Crocker Art Museum transcends with ‘Summer of Impressionism’
It is hard to believe, but summer is nearly over, and autumn will be here before we know it. Like the beautiful delicious fruits of summer some art exhibits will come to a close in September.
Among these art events are two exhibits running concurrently at the Crocker Art Museum in Sacramento: “Transcending Vision: American Impressionism 1870 – 1940” and “Landscapes from the Age of Impressionism.”
These exhibits are a rare treat. While not of the level as the famous Impressionism exhibits from the Musée d’Orsay at San Francisco’s De Young Museum last year, there is much to appreciate — and even a few Monets that are owned by the Brooklyn Museum.
The beauty of being able to go to an exhibit like this one is two-fold: a) It’s here in our Sacramento Metro region so there’s no need to drive to the Bay Area (yay!) and b) One can truly appreciate the technique of the artist when one can see a work “up close and personally.”
It is an opportunity to marvel at the talent of the artist and to discover new favorites.
My favorite work from the “Landscapes” exhibit surprised me. Entitled “A Back Road,” is was painted by Frederick Childe Hasam in 1884. It is a supposedly simple scene of a road in the countryside. What impressed me about this work was the texture, clarity and realism. The paint has such texture that one can “see” the sky reflected in the wagon ruts of the road. And these are deep ruts. The water, simply ponded water from a recent rain (one supposes), looks really, really wet. A moment in time suspended and I want to enter into that moment to make it mine.
It’s terrible for me to admit … I want to touch that painting so badly. A failing of mine. Hence, that is why I unintentionally look so studious in art galleries — I keep my hands clasped behind my back lest I forget myself. It keeps me out of a lot of trouble at local galleries.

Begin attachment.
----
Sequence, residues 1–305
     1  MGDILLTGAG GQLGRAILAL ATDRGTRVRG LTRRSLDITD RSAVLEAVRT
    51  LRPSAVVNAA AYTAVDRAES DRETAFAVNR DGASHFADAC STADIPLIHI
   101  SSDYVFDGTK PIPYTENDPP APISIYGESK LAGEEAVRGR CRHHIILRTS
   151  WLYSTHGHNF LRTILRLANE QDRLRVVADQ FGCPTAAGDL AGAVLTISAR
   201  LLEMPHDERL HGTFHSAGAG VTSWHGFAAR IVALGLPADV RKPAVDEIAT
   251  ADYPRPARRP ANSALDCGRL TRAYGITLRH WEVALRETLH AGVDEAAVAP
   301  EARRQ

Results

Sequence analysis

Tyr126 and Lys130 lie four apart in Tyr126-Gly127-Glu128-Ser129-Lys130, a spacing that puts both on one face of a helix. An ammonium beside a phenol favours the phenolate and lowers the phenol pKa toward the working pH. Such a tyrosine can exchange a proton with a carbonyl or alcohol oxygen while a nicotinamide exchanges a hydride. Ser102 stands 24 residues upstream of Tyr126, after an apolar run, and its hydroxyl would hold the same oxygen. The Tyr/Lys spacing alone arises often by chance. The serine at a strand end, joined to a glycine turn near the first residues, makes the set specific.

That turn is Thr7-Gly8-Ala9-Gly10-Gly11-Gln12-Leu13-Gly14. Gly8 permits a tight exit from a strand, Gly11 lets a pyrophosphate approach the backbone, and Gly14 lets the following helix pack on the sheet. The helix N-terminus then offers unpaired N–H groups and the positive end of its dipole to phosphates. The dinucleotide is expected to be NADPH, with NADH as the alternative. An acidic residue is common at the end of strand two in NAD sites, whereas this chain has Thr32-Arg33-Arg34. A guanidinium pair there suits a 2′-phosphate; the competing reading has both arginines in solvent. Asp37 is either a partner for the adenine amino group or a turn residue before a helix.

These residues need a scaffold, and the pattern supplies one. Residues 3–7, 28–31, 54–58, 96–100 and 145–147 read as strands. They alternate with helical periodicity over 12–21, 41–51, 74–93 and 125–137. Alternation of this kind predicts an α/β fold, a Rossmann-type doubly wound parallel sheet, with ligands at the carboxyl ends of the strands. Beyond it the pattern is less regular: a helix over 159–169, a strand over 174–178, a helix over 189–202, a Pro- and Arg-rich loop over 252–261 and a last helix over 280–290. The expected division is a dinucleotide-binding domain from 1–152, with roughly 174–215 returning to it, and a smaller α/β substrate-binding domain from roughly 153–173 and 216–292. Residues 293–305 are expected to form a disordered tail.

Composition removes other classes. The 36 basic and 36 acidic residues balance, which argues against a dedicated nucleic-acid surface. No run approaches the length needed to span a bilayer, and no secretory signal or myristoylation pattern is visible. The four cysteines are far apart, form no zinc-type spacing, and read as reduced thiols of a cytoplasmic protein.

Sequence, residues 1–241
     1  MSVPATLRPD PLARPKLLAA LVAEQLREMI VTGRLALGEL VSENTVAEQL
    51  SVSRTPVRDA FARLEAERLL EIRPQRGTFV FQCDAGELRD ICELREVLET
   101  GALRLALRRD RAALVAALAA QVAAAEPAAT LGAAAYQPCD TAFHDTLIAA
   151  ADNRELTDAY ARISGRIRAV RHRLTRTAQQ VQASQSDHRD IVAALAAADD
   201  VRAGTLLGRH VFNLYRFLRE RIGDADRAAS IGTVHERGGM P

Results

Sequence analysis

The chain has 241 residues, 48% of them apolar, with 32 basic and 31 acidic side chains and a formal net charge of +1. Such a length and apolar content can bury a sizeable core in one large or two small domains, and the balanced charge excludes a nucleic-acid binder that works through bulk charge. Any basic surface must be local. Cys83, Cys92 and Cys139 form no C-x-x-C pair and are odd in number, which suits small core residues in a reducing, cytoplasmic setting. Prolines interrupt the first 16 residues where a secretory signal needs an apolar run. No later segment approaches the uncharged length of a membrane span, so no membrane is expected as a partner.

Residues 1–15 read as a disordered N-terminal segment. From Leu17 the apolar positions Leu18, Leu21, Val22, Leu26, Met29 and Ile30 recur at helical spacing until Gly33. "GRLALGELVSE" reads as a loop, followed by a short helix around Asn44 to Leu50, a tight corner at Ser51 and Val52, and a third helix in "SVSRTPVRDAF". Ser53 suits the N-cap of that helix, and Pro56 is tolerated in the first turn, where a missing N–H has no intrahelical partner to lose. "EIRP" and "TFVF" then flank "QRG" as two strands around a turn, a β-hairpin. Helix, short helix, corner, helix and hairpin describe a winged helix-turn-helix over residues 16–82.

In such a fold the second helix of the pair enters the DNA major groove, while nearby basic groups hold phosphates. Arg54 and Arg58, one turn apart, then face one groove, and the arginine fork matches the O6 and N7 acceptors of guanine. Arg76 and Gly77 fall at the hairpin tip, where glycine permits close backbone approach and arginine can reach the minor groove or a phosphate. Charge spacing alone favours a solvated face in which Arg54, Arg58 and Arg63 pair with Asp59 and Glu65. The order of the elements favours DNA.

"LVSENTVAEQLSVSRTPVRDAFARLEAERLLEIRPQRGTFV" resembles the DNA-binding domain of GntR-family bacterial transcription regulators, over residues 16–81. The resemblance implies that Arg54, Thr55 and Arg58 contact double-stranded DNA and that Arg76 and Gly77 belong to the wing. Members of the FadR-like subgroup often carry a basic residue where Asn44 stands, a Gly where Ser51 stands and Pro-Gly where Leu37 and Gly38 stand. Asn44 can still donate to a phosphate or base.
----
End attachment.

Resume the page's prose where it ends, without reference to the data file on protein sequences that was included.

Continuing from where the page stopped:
A simple road in a country setting from a century long gone. Yet it evokes such a personal response in me. And it was a complete surprise. I’ve thought often about that painting. I suppose I could purchase the book of the exhibit in the museum’s delightfully well-stocked store but a photograph simply cannot duplicate the depth of brushstroke reflected in the original.
There are 40 works on exhibit in the “Landscapes” show. These are all on loan from the Brooklyn Museum in New York. This exhibit will close on Sept. 18.
“Transcending Vision: American Impressionism” explores the dissemination of French Impressionism in American painting. These works are on loan from the Bank of America’s private corporate art collection. “Vision” closes on Sept. 25.
The Crocker Art Museum, one of the leading art institutions in California, is located at 216 O St. in Sacramento. Visit crockerartmuseum.org for museum hours, admission rates and much more.
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